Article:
How to Write a Good Goodie and a Bad Baddie by P.G. Bell

I am delighted to welcome P.G. Bell, author of The Train To Impossible Places, to my blog today to talk about writing characters, good and bad…

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When I first sat down to write The Train To Impossible Places, I was determined that it wouldn’t have a villain. After all, I reasoned, if Hiyao Miyazaki could get away without one in films like My Neighbour Totoro and Kiki’s Delivery Service, why couldn’t I?

   “Stop trying to be clever,” my agent told me. “You need a villain.”

   She was right, of course.

   Because baddies are fun. I mean, who’s cooler: Luke Skywalker or Darth Vader? Harry Potter or Voldemort? Little Red Riding Hood or the Big Bad Wolf?

   Bad guys don’t have to worry about social niceties. They get to stride around behaving outrageously, saying whatever they think and stamping their mark on the world. Best of all, at the end of the story they (usually) end up facing justice, to remind us that such behaviour is not (usually) supposed to pay. It’s cathartic.

   That’s why Lady Crepuscula, the main antagonist in The Train To Impossible Places, was so much fun to write. She’s a powerful sorceress who doesn’t care a jot about being liked, and takes her pleasure from inconveniencing others.

    But then there’s another, more insidious sort of baddie: the sort who doesn’t think they’re bad at all. They may even think they’re a force for good, if they happen to believe that good and evil are real things that actually matter. Some of them don’t, and they’re the ones you really need to watch out for, because you often can’t see them coming until it’s too late.

   You’ll find both sorts of baddie in The Train To Impossible Places.

   But who will stand against them? Why, our heroes of course! Although I should point out that they’re not heroes when we first meet them; they just want to keep their heads down and get on with their day jobs. Why are they so reluctant?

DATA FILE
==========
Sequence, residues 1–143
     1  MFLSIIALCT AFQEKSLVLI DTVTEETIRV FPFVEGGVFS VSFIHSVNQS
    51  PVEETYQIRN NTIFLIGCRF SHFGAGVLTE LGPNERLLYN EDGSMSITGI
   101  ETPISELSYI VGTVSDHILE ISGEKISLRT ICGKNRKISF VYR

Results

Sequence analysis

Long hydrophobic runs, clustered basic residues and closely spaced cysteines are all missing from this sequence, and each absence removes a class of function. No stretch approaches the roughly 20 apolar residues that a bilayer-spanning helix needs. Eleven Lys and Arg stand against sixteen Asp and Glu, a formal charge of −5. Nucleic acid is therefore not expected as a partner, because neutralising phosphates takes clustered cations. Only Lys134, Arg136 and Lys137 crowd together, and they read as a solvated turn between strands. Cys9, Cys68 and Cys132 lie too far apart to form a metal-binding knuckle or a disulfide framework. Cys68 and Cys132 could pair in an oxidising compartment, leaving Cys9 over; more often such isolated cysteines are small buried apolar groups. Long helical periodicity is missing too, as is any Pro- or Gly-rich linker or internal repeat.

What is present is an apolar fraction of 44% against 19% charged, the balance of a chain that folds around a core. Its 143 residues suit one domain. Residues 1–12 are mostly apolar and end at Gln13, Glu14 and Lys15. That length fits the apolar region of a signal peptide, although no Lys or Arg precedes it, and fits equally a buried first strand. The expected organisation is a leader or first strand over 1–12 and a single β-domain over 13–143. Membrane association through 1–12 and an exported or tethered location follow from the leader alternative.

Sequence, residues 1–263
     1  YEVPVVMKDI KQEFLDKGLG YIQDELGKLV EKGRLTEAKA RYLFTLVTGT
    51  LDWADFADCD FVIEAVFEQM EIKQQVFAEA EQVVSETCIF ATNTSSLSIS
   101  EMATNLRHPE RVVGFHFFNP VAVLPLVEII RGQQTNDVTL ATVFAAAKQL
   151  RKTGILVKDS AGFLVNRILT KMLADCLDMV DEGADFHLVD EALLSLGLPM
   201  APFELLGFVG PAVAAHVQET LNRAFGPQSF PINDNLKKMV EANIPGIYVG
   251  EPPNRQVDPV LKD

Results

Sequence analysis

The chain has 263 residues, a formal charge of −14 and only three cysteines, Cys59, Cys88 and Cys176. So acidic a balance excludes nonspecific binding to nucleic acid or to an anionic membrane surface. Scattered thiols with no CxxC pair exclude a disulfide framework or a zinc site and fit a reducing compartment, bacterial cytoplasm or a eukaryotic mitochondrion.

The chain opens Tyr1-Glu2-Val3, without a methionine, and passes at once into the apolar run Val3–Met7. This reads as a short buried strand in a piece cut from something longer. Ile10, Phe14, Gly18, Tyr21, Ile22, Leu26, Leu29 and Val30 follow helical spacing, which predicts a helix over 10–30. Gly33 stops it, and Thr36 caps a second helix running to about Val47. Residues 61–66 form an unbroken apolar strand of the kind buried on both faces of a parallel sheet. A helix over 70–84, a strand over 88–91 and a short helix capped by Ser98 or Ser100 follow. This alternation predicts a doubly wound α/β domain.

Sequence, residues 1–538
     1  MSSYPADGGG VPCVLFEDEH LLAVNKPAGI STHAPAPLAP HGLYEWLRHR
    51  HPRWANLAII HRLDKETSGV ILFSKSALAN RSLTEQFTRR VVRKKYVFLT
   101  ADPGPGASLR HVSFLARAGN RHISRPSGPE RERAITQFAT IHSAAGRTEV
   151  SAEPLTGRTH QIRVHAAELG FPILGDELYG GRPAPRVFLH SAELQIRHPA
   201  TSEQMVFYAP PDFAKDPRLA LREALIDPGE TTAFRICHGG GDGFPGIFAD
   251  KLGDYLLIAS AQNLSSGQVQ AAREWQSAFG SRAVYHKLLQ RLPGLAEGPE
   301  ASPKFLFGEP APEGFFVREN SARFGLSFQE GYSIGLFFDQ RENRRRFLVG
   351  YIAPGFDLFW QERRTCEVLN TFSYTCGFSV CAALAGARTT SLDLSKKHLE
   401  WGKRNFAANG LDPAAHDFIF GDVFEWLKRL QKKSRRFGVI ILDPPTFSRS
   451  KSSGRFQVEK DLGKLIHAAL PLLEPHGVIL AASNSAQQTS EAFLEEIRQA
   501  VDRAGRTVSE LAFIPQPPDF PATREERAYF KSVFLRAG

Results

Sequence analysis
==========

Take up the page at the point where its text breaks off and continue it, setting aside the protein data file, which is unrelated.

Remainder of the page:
Because reading about an ordinary person who grows into a hero is far more interesting than the exploits of a hero who’s ready-made. Take the book’s main character Suzy, for instance: an eleven year old science geek, stuck in her second-best pair of pyjamas. Hardly the stuff of legend.

  She’s brave though, and that’s what counts. Not unafraid – she gets very scared indeed at times, and rightly so – but bravery isn’t the absence of fear, it’s about being afraid and choosing to do the right thing anyway. That’s what Suzy does. Or tries to, at any rate. She doesn’t always get it right, but she never acts cynically or selfishly.

   And in the end, that’s the true dividing line between goodies and baddies – the line between compassion and selfishness. Goodies put others before themselves. Baddies put themselves before all others.

   Always try and be a goodie. It’s harder in real life than in fiction, but our need is so much greater.

Thank you so much Peter for this fantastic guest post.

The Train to Impossible Places by P.G. Bell with glorious illustrations from Flavia Sorrentino, is out now in hardback, from all good bookshops. You can read my review here.

About the author…

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A native of south Wales, P.G. Bell was raised on a diet of Greek mythology, ghost stories and Doctor Who. He’s had all sorts of jobs over the years, from lifeguard to roller coaster operator, but all he’s ever really wanted to do is write stories for a living. And now he does! Peter still lives in Wales, still enjoys mythology, ghost stories and Doctor Who, but now gets to share them with his wife Anna and their two children. You can find out more about P.G. Bell at his website, and follow him on twitter @petergbell.

Huge thanks to Fritha and Usborne for inviting me to take part in the blog tour for The Train To Impossible Places. Do make sure you check out all of the other stops.

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